Illustration by N. Friesen
Everyone gets a couple of light bulb music moments. It’s the first time you hear something that matches the music inside your head. It makes you sit up and look around, wide-eyed, asking “who IS this?”
The light bulb was first lit up for me in early 1996, when I popped Jagged Little Pill into my Discman. The CD was the first I’d ever received as a gift, and I felt like the coolest tween ever (even though that word hadn’t been invented yet).
The guitar came in strong off the top of “All I Really Want,” followed by twanging harmonica. Alanis’ nasally voice sang out viciously, passionately.
I was hooked.
I listened to the whole album, on repeat, for weeks. I stomped around my room in my Airwalks and wide-legged jeans. I sang along, pouring all my young angst into the songs. Did I understand what lyrics like “Did she go down on you in a theatre” meant? No. Did I ascribe too much meaning to phrases like “If only I could hunt the hunter?” Yes. Was I too young to get most of it? Absolutely. But it didn’t matter. This album spoke to me on a level I hadn’t yet experienced.
And I wasn’t the only one. Jagged Little Pill sold 33 million copies worldwide, and won five Grammy Awards, including Album of the Year. Alanis was the first Canadian woman to sit on top of the Billboard 200 chart. But it also introduced a new generation of women and girls to a different kind of music.
Like Janis Joplin before her, Alanis wasn’t concerned about being pretty. Her vocals aren’t perfectly mastered, and she didn’t perform in sparkly crop tops. She was all flannel and greasy hair – and above all else, angry.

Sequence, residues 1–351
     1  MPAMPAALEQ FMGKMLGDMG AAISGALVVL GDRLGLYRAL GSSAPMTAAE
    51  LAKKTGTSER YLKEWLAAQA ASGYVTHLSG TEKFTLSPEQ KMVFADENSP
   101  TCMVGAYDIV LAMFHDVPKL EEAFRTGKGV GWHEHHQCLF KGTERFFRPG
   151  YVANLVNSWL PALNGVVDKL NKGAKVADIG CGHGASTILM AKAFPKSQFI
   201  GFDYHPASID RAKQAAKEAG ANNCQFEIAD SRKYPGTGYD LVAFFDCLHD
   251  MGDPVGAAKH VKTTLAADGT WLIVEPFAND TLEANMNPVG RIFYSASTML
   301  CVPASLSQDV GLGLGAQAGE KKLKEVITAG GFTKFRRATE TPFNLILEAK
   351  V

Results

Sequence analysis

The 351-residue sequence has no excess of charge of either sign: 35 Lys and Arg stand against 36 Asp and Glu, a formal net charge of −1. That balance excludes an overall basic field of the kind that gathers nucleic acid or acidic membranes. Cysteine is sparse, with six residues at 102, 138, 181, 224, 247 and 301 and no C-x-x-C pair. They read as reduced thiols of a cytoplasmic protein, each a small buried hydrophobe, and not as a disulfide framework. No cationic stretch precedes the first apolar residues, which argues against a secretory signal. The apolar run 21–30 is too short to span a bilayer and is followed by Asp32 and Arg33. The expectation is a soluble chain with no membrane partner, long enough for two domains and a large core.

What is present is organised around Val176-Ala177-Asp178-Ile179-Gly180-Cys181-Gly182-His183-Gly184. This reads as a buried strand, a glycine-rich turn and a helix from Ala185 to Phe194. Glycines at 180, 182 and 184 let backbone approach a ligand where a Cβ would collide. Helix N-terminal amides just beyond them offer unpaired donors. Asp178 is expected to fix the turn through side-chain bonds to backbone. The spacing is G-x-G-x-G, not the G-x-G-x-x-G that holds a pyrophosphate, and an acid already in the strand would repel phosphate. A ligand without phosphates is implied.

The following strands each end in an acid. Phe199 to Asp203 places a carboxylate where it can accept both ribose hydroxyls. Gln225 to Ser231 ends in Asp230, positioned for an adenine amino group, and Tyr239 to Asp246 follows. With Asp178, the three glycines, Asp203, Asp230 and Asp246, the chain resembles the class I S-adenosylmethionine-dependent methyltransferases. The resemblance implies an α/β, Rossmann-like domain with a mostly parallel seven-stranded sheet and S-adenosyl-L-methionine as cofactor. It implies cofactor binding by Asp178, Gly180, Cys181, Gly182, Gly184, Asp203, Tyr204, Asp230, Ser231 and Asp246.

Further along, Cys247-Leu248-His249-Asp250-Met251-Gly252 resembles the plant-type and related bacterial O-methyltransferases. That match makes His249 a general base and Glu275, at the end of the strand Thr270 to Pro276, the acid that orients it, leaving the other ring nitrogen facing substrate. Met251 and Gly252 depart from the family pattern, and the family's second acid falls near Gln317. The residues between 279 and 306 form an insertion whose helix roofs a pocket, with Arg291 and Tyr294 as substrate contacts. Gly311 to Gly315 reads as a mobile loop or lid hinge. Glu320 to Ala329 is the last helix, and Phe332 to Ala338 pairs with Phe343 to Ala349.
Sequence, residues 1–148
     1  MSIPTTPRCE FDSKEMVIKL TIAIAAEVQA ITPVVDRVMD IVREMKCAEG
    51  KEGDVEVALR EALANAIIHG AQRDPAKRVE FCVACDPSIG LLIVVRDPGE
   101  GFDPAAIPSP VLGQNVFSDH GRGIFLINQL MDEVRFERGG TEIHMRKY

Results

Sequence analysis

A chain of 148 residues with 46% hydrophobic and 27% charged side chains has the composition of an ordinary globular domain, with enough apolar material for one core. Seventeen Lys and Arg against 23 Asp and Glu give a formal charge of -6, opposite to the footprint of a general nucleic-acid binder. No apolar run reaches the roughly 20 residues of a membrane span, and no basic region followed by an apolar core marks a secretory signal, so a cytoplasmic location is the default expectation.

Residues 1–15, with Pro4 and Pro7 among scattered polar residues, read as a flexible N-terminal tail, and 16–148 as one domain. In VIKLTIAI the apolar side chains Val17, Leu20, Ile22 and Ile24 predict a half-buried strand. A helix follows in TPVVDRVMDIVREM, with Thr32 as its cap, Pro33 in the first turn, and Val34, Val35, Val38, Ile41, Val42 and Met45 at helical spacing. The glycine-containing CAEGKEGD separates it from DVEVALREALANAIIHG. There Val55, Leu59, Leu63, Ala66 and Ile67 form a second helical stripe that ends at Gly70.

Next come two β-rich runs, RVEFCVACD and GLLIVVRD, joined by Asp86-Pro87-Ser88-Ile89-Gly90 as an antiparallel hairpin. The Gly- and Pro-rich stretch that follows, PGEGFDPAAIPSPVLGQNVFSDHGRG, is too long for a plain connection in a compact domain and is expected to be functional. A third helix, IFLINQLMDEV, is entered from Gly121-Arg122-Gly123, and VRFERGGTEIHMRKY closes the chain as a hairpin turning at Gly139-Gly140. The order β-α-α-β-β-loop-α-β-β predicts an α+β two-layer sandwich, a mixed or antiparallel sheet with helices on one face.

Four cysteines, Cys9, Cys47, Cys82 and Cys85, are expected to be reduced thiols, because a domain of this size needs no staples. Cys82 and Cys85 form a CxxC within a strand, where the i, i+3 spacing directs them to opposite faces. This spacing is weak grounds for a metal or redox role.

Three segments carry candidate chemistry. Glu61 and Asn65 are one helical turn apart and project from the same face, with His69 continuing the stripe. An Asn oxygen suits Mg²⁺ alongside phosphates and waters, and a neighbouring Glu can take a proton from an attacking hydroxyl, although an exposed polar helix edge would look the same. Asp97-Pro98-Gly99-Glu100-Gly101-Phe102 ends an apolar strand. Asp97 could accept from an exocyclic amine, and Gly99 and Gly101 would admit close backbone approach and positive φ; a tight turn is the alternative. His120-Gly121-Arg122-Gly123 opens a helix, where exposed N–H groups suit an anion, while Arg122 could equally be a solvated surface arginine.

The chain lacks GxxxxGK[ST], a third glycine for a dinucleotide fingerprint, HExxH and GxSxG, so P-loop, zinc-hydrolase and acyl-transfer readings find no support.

It was a revelation to me. At 11, I was a self-conscious mess of hormones and bad fashion sense. I wasn’t sure where I fit in the world, and while I knew I felt … something … but I couldn’t articulate what it was.
I knew it wasn’t fair that sometimes the boys in class got called on more. I knew it wasn’t okay that the pre-pubescent nerds who pulled my training bra strap would get away with it because “he just likes you!” (An aside: this sentiment needs to crawl in a cave and die. People who like you treat you well.)
But singing along to Jagged Little Pill was an outlet. I raged to “You Oughta Know,” “Ironic,” and “Right Through You.” I unloaded all the injustices of young woman-hood, and found a voice that was stronger and sharper than my own. “You Learn” and “Not the Doctor” were softer and sweeter, but no less potent. I went from track to track, finding more conviction with each listen.
Eventually, I turned away from Alanis. Her followup, Supposed Former Infatuation Junkie, was just okay. Like the title, the songs were too wordy and pretentious. But through Alanis, I discovered the Red Hot Chilli Peppers (Flea and Dave Navarro played on “You Oughta Know”), eventually falling in love with Tragic Kingdom and worshipping at the altar of Gwen Stefani.
Jagged Little Pill turned on a light inside me that I didn’t know was there. Now 20 years later, if I catch a snippet of the album, I still snarl and sing along with the queen of Canadian alt-rock. And this time, I understand all the lyrics.